Interview with Les Campbell
QUESTION 37
INTERVIEWER:

OK, you read a poem written by Sia Berhan on WBAI, could you talk about that incident? And also, do you have any regrets for having done that?

LES CAMPBELL:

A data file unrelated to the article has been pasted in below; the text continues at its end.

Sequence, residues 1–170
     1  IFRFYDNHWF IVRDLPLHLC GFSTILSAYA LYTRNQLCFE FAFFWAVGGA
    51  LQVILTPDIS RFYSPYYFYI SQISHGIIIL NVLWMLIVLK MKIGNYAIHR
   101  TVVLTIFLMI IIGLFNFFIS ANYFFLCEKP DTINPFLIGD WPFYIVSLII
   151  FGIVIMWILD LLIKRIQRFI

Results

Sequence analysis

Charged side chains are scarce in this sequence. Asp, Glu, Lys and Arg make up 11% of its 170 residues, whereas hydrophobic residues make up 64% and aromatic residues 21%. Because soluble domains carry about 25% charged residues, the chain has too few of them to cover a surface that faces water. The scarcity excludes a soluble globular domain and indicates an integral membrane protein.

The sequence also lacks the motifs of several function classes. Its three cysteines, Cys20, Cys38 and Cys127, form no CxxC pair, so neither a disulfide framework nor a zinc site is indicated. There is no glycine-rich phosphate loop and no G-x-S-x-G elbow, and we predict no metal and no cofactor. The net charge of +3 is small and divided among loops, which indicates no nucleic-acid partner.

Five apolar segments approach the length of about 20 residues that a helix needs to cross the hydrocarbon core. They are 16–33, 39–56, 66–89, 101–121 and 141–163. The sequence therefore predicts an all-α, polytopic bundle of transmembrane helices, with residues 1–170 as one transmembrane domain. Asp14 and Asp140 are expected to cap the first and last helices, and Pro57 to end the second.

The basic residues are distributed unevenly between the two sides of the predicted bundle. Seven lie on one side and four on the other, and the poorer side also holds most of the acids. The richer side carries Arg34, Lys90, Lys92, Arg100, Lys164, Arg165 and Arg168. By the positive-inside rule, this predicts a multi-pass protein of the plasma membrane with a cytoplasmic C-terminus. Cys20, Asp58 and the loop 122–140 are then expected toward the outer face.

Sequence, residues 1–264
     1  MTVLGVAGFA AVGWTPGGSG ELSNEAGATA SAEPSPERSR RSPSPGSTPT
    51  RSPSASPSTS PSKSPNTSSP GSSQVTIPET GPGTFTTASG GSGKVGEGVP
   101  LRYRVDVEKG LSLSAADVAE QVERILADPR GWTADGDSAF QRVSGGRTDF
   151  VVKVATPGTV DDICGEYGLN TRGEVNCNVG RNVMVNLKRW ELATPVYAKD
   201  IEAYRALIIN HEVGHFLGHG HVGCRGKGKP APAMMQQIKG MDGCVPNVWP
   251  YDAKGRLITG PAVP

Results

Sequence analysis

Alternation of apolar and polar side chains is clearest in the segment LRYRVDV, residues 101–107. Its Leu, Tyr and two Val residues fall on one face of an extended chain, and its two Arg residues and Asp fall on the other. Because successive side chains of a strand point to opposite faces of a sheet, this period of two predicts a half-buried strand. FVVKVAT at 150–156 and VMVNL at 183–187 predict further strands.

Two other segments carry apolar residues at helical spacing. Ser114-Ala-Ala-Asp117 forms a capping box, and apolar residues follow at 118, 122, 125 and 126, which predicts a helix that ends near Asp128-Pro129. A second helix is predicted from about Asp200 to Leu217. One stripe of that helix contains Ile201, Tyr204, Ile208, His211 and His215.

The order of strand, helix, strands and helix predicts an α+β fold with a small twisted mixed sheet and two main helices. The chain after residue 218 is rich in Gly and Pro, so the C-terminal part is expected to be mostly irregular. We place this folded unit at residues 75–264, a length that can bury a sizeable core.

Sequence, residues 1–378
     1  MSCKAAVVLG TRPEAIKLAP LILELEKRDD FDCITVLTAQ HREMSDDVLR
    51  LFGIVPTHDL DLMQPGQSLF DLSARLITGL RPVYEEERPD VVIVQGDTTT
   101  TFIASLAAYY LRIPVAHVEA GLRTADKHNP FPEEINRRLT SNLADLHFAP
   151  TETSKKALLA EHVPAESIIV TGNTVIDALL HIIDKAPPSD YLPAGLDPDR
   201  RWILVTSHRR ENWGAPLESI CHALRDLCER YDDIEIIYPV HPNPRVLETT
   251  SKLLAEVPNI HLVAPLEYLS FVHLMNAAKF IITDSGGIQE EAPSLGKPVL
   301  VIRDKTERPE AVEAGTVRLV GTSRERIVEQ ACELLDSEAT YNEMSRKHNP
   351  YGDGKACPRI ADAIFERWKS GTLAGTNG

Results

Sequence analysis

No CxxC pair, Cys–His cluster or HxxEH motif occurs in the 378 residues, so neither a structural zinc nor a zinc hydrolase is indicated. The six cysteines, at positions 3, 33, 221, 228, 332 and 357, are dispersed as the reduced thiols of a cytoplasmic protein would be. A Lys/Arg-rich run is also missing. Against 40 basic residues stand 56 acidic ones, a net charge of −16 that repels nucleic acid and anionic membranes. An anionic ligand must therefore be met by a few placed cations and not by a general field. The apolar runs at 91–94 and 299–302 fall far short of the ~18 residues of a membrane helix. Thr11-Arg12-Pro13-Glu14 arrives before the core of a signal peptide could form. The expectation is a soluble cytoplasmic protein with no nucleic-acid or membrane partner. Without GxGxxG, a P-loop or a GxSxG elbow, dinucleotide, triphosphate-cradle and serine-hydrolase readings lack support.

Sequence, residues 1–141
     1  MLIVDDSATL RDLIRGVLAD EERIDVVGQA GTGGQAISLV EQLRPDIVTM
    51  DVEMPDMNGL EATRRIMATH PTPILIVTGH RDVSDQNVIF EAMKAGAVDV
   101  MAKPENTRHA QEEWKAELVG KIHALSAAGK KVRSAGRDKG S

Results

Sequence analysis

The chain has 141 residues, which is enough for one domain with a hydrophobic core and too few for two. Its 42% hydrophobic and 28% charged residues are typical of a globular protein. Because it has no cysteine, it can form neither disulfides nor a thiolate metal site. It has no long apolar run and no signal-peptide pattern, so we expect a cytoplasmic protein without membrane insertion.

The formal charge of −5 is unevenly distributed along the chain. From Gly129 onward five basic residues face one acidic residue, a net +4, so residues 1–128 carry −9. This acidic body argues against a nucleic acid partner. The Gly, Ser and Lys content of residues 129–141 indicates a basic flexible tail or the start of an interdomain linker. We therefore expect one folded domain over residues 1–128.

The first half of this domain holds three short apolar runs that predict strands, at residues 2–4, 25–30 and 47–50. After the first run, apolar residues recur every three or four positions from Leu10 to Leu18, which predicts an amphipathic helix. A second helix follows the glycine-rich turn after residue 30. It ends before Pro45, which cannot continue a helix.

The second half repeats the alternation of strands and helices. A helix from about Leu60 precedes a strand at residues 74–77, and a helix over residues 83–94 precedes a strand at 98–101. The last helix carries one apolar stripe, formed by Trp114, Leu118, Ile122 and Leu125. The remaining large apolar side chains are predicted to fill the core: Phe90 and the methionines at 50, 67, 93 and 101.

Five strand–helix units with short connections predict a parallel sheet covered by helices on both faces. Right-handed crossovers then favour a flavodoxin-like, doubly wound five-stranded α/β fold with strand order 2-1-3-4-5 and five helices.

Well, Julius Lester, who was the, ah, major factor at BAI during that time, he's now a professor at the University of Massachusetts, asked me to come on his show. He had came out, he had taped a class of mine on Black history, had played it on the air, he had gotten a very favorable response from his listeners, so he asked me to come on the show and talk about Ocean Hill. When I got to the studio I showed him some poems from some students, and I asked him did he think I should read these poems. I said, "These poems were raw responses of young Black students to what was going on in Ocean Hill-Brownsville." And I asked him if he thought I should read any of them. He selected this one, he said, "This one sounds really like dynamite." He said, "Why don't you read this one on the show?" I said, "Don't you, do you, do you feel that we'll get a reaction?" He said, "Well, hey, look, this is a controversial show, you know, we're going to read this poem." So we read the poem, we read, ah, her poem, which was called "Hey, Jew-Boy", and we read that on WBAI radio at the time. Um, we got some response from the BAI audience that night--